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After the lights came up following the Los Angeles premiere of Queen Sugar‘s first episode, the audience was greeted with a sight not commonly seen at Hollywood screenings: a stage full of cast and crew, the majority of whom were women and/or people of color.
“There’s no reason for anyone in the industry to say you can’t [have an inclusive crew],” said the series’ creator and executive producer Ava DuVernay. “We did it, and it really works!”
The Selma director was in great spirits as she, fellow executive producer Oprah Winfrey and the show’s cast and crew celebrated the premiere of their new drama Monday on the Warner Bros. lot. The series, which follows three estranged adult siblings forced to come together to save the family’s Louisiana sugarcane farm, will bow Sept. 6 on OWN.
“When I first dreamed of creating a network, this was the vision I had in mind,” said Winfrey, noting that Queen Sugar uses an inclusive cast to showcase people of color and demonstrate their sense of hope, community and inspiration. “To those who said it could never be done, I say, ‘Never count me out.'”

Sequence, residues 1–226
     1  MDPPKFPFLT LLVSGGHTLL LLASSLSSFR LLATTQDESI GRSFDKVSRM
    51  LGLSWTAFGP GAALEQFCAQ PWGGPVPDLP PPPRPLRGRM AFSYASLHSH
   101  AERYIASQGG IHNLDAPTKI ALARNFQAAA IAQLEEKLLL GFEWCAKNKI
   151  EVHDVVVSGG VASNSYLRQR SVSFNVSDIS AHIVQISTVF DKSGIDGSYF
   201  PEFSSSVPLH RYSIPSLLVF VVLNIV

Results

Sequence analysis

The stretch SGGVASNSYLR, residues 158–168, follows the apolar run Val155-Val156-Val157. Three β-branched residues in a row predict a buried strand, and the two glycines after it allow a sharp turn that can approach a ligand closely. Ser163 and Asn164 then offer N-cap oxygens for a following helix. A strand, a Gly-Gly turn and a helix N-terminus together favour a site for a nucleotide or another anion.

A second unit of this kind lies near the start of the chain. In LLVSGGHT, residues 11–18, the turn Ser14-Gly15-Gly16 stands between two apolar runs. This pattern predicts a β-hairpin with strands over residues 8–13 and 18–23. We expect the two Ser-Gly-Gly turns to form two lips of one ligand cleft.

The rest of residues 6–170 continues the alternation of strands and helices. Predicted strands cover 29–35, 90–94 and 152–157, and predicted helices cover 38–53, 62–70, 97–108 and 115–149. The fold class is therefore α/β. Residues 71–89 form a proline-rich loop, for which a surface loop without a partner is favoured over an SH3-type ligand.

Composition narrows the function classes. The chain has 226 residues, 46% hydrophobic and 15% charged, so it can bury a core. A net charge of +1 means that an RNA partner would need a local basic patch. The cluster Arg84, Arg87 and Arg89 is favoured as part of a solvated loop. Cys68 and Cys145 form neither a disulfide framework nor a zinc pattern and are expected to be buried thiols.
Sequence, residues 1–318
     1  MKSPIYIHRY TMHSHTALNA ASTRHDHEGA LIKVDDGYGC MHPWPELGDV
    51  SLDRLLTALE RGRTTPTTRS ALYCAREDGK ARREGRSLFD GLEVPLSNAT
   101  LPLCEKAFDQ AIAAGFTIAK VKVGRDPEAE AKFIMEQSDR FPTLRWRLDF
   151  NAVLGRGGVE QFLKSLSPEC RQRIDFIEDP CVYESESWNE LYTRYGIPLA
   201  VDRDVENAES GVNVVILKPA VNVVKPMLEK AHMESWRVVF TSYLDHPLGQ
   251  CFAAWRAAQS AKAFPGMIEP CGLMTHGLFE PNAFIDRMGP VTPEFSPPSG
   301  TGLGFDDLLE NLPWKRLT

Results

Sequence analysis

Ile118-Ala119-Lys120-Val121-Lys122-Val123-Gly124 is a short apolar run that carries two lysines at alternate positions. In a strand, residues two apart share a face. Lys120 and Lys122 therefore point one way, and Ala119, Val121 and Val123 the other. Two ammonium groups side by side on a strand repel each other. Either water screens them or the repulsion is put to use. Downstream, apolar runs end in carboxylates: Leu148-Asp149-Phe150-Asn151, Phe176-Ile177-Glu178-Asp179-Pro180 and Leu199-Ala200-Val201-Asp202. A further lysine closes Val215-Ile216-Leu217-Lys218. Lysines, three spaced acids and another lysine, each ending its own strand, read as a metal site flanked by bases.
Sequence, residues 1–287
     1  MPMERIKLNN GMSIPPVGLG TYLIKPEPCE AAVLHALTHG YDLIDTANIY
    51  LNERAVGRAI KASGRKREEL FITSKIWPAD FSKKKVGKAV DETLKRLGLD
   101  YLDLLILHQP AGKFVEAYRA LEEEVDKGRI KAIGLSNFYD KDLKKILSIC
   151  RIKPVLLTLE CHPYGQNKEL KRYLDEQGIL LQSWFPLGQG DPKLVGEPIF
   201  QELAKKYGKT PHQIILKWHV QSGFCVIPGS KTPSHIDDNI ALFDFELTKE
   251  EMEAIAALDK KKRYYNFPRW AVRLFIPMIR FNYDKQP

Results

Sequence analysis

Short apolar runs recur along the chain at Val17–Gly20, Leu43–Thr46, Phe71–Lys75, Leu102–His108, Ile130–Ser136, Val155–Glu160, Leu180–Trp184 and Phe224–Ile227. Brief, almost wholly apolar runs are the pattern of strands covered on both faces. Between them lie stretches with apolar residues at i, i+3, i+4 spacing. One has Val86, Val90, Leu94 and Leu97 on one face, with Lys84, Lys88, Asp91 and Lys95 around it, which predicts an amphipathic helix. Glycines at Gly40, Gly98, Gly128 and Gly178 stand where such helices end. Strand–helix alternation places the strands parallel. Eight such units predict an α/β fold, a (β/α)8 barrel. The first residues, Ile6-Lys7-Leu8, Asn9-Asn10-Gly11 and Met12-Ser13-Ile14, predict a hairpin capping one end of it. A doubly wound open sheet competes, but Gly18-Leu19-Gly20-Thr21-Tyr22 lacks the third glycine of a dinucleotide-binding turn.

On the red carpet, DuVernay and Winfrey declined to comment on the controversy surrounding The Birth of a Nation filmmaker Nate Parker. Both women had praised Parker’s Sundance drama before revelations regarding his 2001 rape allegations became widely known.
Queen Sugar is based on a 2014 novel by Natalie Baszile. True Blood alum Rutina Wesley, who plays journalist (and pot dealer) Nova, said that she likens her character (the righteous reporter aspect of it) to Mark Ruffalo’s in Spotlight. Meanwhile, her TV brother, Kofi Siriboe, said that playing single dad Ralph Angel, who at the series’ outset is six months out of prison, was an opportunity to transcend stereotypes.
“Instead of the clichés that surround incarcerated men, I wanted to focus on him being a man,” said the actor. “I wanted to show emotion, vulnerability, sensitivity and sensuality.”
After the screening, guests dined on a New Orleans-inspired menu, including jambalaya, vegetarian gumbo and fresh beignets deep-fried on the spot. Guests included Niecy Nash, Atlanta‘s Keith Stanfield and Roots‘ Emyatzy Corinealdi, star of DuVernay’s 2012 feature Middle of Nowhere.
“Who gets this?” DuVernay said, trying to hold back her emotion on a night that saw her entire family in attendance. “The opportunity for a black woman to tell a story about family and identity, and to take time with the scenes. When you work for a network operated by an artist and a friend, you get that. It’s a gift that words can’t describe.”
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